Mobility

Secret Service wants app store

Smartphone in hand

Secret Service agents wait for President Obama to finish signing memorabilia during a 2011 appearance at Gamesa Technology Corporation in Fairless Hills, Pa. (Secret Service photo by Pete Souza)

The Secret Service wants to start an app store that its employees could use to securely add capabilities to their mobile devices on the fly.

The agency issued a request for information on May 29 in FedBizOps concerning a mobile device management/mobile application store capability that would securely support a range of mobile operating systems, including Blackberry OS, Android, iOS, and Windows 8 across its operations.

The service is conducting market research to find sources that can provide integrated MDM/MAS solutions and services for up to 12,000 mobile devices. The solutions, it said, should be equipped with enterprise level controls to support protective and investigative mission requirements. The capability would support overall development of an agency mobility strategy and would apply to devices that store or process classified and unclassified data.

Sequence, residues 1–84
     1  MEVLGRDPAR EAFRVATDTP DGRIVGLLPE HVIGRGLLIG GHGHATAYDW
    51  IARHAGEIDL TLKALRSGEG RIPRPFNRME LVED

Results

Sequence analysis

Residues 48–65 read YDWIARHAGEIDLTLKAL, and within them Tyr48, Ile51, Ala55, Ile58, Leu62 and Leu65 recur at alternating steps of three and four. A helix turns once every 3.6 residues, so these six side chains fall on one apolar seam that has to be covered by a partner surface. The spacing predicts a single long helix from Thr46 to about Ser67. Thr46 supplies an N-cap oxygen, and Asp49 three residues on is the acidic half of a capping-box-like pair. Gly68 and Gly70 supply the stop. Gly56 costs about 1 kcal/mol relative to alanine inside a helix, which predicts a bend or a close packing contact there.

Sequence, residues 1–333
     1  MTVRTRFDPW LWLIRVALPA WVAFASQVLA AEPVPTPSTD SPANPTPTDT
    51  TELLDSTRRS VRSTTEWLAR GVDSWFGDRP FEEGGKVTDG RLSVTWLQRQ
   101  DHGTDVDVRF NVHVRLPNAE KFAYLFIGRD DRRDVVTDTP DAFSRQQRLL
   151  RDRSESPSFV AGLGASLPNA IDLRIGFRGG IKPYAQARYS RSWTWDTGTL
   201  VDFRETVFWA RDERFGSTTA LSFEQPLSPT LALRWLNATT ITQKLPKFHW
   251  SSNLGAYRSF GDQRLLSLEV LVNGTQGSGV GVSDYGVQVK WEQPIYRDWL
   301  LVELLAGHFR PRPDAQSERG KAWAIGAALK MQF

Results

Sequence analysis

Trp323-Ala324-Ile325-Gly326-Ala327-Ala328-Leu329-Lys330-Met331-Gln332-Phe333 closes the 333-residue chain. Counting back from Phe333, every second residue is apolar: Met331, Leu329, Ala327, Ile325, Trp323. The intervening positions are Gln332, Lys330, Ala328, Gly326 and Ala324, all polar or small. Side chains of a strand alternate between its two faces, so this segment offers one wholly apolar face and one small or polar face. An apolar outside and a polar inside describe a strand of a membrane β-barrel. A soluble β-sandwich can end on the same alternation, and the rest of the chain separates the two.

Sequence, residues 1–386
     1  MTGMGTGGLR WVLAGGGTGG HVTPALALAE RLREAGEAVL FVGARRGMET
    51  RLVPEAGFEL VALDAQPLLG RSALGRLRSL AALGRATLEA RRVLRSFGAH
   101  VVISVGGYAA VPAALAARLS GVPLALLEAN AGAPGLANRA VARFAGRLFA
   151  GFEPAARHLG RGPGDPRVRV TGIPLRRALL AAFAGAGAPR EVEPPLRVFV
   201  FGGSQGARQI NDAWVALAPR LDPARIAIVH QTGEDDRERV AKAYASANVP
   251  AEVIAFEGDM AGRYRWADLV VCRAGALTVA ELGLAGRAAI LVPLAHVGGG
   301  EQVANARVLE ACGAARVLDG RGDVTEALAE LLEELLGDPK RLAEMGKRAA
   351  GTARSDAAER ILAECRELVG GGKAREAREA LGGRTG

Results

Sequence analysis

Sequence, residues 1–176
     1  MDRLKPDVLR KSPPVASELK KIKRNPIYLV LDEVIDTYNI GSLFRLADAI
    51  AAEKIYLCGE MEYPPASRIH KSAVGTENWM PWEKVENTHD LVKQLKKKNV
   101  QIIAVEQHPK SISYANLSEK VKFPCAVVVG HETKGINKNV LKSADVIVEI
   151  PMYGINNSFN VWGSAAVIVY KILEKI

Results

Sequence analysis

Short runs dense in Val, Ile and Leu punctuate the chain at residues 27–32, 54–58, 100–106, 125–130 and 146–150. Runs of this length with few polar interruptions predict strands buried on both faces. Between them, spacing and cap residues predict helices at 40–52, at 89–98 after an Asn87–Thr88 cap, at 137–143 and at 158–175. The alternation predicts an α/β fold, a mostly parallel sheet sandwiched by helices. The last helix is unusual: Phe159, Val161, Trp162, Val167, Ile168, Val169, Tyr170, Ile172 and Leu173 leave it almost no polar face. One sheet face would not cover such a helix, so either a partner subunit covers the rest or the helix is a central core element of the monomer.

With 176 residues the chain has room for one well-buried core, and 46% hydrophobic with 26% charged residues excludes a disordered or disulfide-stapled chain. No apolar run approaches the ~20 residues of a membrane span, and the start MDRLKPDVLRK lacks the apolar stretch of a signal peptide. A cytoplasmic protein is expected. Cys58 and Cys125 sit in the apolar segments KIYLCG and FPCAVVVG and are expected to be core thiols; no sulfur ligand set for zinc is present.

The service wants the store to enroll, secure, configure, monitor, manage and support mobile devices across its enterprise, supporting its varied duties.

The MDM/MAS, said the agency, should act as application and user level 'traffic cop,' enforcing group configuration policies for network and end devices and institute the policies, security measures and permissions that define the functions a given user could conduct on their mobile device. That capability, it said, would secure the entire user community from compromise from an incorrectly configured device.

Users should be able to perform a variety of functions with the MDM/MAS, including securing their applications including the ability to wipe devices and data remotely, remotely re-provision capabilities, and audit SMS messages, voice and video. The agency also wants to be able to centrally control privacy of data across all its mobile device groups, allowing managers to track and view MDM information with interactive dashboards, as well as enable "blue force" tracking and provide event/alerts notifications to IT administrators.

About the Author

Mark Rockwell is a senior staff writer at FCW, whose beat focuses on acquisition, the Department of Homeland Security and the Department of Energy.

Before joining FCW, Rockwell was Washington correspondent for Government Security News, where he covered all aspects of homeland security from IT to detection dogs and border security. Over the last 25 years in Washington as a reporter, editor and correspondent, he has covered an increasingly wide array of high-tech issues for publications like Communications Week, Internet Week, Fiber Optics News, tele.com magazine and Wireless Week.

Rockwell received a Jesse H. Neal Award for his work covering telecommunications issues, and is a graduate of James Madison University.

Click here for previous articles by Rockwell. Contact him at mrockwell@fcw.com or follow him on Twitter at @MRockwell4.


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